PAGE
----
The Hebrew alphabet is thought to have developed from Aramaic around 1000-900 bc. It was a more modern form of the widely used (in the Middle East) Phoenician script and was adopted by Jews. The letters in the script are all very square, as were many scripts in that area before the rise of the Roman and Arabic alphabets. Although the Hebrew and Aramaic languages died out as spoken languages among the Jews, the Hebrew script was used to write Yiddish and Judaeo-Spanish. At the end of the 19th century, the Hebrew alphabet became the official alphabet for writing the Hebrew language.


Most of the alphabets considered in this article evolved gradually or were adapted from older prototypes. Some alphabets, however, have been created artificially for peoples previously illiterate, or for nations hitherto using alphabets of foreign origin. An outstanding example is the Armenian alphabet invented by St Mesrob in 405 and still in use today. Also of great interest is the Mongolian hP’ags-Pa script (written from top to bottom), invented in China in about 1269. In modern times, the Cherokee syllabary was invented soon after 1820 by the Native American leader Sequoya. Later in the 19th century, missionaries and others created syllabaries and alphabets for Native American languages, based on the Roman and, in the northwest, Russian Cyrillic scripts.


Any alphabet used by peoples speaking different languages undergoes modifications. Such is the case with respect both to the number and form of letters used and to the subscripts and superscripts, or diacritical marks (accents, cedillas, tildes, dots, and others), used with the basic symbols to indicate modifications of sound. The letter c with a cedilla, for instance, appears regularly in French, Portuguese, and Turkish, but rarely, except in borrowed words, in English. The value of ç in French, Portuguese, and English is that of s, but in Turkish it represents the ch sound in church. It used to represent ts in Spanish, but that sound no longer exists in standard Spanish. So, too, letters have different sound values in different languages. The letter j, for example, as in English jam, has a y sound in German.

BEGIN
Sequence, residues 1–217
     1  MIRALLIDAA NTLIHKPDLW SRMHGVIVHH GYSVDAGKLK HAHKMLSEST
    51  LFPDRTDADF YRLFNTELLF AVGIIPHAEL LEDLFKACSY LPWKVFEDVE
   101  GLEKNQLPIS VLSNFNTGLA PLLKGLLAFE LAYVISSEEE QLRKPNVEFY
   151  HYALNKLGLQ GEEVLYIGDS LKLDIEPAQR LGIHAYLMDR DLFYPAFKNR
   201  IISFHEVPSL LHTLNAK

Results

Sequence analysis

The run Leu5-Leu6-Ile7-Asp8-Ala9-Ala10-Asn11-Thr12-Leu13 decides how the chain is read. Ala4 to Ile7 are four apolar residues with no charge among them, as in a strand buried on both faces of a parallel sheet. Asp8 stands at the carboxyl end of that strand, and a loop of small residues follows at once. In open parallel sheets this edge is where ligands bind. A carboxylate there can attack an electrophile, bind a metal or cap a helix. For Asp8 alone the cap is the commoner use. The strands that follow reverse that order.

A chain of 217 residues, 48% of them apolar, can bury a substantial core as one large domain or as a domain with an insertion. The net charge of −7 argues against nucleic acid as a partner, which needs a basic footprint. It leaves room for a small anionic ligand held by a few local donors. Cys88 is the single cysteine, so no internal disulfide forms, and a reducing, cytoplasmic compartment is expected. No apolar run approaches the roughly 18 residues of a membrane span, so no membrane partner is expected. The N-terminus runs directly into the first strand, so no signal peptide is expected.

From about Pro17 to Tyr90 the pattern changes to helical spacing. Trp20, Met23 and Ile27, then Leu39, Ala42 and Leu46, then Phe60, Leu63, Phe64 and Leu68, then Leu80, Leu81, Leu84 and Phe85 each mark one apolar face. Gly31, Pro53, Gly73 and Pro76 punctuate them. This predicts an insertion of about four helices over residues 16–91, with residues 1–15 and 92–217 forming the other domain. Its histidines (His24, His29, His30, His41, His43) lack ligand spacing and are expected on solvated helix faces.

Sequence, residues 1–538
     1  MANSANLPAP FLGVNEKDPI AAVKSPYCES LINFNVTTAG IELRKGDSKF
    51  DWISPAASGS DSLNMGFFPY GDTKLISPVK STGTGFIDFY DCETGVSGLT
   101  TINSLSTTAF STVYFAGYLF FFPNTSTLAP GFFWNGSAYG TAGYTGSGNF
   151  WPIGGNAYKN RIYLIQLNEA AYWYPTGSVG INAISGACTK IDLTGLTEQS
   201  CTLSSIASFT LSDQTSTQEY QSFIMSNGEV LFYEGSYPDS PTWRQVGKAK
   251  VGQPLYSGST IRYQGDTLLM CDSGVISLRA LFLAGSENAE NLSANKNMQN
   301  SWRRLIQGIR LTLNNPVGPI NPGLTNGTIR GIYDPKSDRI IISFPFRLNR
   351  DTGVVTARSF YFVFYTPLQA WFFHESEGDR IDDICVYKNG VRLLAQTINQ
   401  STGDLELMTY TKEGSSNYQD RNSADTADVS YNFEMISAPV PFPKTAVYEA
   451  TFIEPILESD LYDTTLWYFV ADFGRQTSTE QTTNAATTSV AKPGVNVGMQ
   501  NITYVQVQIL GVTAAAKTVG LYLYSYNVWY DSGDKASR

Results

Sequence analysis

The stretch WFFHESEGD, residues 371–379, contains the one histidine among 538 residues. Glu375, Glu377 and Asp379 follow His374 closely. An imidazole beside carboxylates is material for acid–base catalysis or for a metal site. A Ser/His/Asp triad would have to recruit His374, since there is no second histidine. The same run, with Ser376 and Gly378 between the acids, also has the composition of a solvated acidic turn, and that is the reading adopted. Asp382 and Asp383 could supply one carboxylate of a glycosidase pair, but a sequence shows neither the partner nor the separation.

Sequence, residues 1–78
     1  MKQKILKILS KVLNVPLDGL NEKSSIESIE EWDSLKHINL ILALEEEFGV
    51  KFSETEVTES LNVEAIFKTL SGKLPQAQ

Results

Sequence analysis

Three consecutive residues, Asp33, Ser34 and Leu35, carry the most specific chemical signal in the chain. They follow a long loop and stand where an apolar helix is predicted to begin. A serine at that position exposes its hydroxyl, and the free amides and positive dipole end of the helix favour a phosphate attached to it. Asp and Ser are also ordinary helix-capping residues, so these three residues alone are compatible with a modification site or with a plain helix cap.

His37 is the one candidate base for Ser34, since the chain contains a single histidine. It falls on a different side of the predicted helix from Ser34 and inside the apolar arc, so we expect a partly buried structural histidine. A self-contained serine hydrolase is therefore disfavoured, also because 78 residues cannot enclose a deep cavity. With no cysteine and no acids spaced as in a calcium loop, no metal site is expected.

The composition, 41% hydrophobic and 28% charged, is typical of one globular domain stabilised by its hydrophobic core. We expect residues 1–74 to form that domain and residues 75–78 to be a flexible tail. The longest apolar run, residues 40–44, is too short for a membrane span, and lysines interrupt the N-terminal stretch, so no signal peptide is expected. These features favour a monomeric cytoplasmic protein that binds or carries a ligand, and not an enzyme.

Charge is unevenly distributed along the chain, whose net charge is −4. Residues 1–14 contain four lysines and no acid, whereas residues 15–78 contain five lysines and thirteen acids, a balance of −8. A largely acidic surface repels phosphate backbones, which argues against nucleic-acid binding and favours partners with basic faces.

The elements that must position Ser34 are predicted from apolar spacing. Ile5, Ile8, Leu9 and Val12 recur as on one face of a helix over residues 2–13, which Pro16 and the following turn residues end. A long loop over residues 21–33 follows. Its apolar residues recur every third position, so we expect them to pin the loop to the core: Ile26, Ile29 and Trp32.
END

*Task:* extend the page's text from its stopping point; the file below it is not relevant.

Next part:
Although alphabets develop as attempts to establish a correspondence between sound and symbol, most alphabetically written languages are highly unphonetic, largely because the system of writing remains static while the spoken language evolves. Thus, the spelling of the English word knight reflects the pronunciation of an earlier period of the language, when the initial k was pronounced and the gh represented a sound, since lost, similar to the German ch in Wacht. The divergence between the written and spoken forms of certain languages, particularly English, has prompted movements for spelling reform. See also Runes; Shorthand; and articles on the individual letters and languages.